How to Handle Mistakes: Stop Shaming & Start Shaping

We never know which lives we influence, or when, or why. – Stephen King

Do you know anyone that can undo the past? I certainly don’t! If someone makes a mistake and we tell them what they “should” have done, they will resent us even if we were right. They will resent us, especially if we were right, because they can’t do anything about it.

Telling someone what they “should” have done only creates a feeling of helplessness in that person, because they’re feeling shamed and they can’t do anything to erase their error!

Striking the word “should” from our vocabulary is easier said than done. Just pay attention to how often you or others use the word “should” and you will see how rampant its use is.

It is very important to remember, “shoulding” on someone creates shame. If you are a parent, then you will get to witness countless mistakes made by your children. If you are a teacher, then you will get to witness a number of mistakes by your students. If you are a leader or coach, you will also be faced with addressing mistakes made by your employees, players, and teammates.

Creating a shaming experience by using the word “should” will backfire on you in the long run. So, what is a person supposed to say when someone makes a mistake?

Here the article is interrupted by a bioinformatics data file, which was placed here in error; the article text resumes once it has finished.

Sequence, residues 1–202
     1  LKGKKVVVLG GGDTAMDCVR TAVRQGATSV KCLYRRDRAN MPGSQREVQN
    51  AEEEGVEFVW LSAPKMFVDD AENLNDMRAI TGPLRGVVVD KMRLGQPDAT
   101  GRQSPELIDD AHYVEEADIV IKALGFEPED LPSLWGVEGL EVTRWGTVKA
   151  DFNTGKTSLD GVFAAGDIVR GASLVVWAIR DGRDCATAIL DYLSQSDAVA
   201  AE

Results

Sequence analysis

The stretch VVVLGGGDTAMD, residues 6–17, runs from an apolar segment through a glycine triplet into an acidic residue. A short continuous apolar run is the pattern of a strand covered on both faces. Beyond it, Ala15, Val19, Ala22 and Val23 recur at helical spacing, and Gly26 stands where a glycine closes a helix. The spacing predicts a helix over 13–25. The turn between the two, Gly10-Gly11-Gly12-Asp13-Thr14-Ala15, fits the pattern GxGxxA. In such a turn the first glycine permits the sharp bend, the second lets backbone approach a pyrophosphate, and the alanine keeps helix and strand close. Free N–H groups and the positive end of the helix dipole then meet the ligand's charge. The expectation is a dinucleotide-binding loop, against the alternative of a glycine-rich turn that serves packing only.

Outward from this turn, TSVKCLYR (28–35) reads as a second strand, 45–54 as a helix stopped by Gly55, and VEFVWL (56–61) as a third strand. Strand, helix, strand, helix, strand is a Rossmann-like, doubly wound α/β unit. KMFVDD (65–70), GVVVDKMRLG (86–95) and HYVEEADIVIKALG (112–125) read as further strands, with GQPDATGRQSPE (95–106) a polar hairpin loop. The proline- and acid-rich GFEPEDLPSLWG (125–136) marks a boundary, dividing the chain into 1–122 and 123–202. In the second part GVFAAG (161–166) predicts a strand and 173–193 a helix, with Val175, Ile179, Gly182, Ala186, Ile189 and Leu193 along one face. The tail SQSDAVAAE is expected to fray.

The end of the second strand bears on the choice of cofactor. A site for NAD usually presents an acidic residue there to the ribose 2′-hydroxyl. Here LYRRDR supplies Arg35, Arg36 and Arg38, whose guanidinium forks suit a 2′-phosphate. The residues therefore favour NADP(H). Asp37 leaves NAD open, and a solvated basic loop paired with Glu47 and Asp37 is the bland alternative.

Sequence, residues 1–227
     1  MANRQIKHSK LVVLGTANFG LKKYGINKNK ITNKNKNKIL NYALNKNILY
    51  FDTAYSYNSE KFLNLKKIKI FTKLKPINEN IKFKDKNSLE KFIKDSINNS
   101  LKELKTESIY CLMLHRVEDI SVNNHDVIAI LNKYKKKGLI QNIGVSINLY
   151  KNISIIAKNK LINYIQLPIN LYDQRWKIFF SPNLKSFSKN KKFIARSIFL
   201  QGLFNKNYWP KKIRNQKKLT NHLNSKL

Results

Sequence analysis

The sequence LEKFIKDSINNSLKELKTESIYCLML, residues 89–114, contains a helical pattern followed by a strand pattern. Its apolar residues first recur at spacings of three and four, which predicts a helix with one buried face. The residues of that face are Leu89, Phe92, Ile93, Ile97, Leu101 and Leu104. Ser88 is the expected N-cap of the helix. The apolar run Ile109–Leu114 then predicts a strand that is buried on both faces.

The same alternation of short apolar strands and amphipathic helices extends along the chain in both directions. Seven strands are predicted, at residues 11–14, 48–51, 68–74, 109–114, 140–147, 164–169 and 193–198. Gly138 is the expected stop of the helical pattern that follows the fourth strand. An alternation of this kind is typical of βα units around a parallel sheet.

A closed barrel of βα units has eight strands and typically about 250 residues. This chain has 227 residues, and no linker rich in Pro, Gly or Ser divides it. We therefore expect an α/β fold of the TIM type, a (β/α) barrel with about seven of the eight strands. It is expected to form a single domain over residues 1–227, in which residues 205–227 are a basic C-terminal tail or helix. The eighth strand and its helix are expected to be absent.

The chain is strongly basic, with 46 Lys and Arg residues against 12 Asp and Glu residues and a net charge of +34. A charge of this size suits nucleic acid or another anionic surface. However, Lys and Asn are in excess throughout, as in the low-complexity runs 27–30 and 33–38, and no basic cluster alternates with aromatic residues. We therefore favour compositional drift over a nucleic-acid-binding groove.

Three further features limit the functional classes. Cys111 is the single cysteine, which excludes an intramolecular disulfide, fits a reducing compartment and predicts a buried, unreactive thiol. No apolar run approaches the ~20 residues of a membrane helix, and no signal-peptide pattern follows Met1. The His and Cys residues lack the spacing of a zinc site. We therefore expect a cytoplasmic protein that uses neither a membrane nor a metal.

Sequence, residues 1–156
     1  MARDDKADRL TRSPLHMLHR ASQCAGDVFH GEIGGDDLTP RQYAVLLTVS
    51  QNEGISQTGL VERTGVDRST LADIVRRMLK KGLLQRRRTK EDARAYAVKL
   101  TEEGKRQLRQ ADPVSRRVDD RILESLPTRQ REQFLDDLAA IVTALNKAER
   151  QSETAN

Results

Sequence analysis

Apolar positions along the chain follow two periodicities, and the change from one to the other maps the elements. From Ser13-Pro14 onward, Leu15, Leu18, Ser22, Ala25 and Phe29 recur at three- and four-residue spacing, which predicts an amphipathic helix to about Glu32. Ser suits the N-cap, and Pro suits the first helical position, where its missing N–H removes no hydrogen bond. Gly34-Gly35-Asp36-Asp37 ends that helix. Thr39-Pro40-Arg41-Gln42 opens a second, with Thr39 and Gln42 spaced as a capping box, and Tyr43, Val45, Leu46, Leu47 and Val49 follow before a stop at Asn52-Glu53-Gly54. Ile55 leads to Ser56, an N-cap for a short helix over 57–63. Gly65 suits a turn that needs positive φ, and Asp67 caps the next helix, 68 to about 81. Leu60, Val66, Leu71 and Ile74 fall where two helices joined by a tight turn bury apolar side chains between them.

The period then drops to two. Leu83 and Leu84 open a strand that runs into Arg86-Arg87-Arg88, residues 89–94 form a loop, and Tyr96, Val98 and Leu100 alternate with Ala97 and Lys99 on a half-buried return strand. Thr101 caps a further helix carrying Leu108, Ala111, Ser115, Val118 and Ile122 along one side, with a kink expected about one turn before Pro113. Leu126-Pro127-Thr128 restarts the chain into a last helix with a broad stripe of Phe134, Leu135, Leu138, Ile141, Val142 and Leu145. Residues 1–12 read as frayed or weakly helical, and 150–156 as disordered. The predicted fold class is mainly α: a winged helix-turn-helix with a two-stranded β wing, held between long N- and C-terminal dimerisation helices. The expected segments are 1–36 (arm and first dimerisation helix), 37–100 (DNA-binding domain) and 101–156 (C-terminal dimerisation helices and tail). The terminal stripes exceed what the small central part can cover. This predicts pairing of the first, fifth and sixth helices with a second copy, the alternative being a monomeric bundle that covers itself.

You have two options to use when faced with addressing a mistake; you can lash out or you can look for the lesson. Remember, that person cannot take back what they had done, the only thing they can do is learn from it. Use the words “next time” or “from now on” or “in the future” to COACH that mistake instead of CRITICIZE it!

Instead of telling someone, “You shouldn’t have done that,” use the words “from now on” and then fill in what you would rather have them do. For instance, if a player dropped a game winning pass, instead of saying, “You shouldn’t have looked behind you,” say, “From now on, keep your eyes on the ball.”

When you use the words “next time” or “from now on” or “in the future,” the person who made the mistake will no longer be obsessing about what happened and feeling ashamed. Rather, they will be able to turn this moment into a useful experience because that person is focused on how to do it better the next time, instead of why she or he did it wrong this time.

The word “should” is the verbal equivalent of a parent shaking an index finger at a child for messing up. Realize that we all make mistakes and that your advice is the difference between “shaming” someone and “shaping” them.

Thomas J. Watson, Sr. said it best when he stated, “Failure is a teacher – a harsh one, but the best.” Turn mistakes into teachers and you can become a better, instead of a bitter person.

Better or bitter? The choice is now yours!

Chris Swenson is a licensed Couple and Family Therapist currently helping people overcome challenges at his private practice counseling office in Sterling, CO (Rhino Wellness Center). To contact Chris, you can call 970-522-0796 or schedule an appointment online at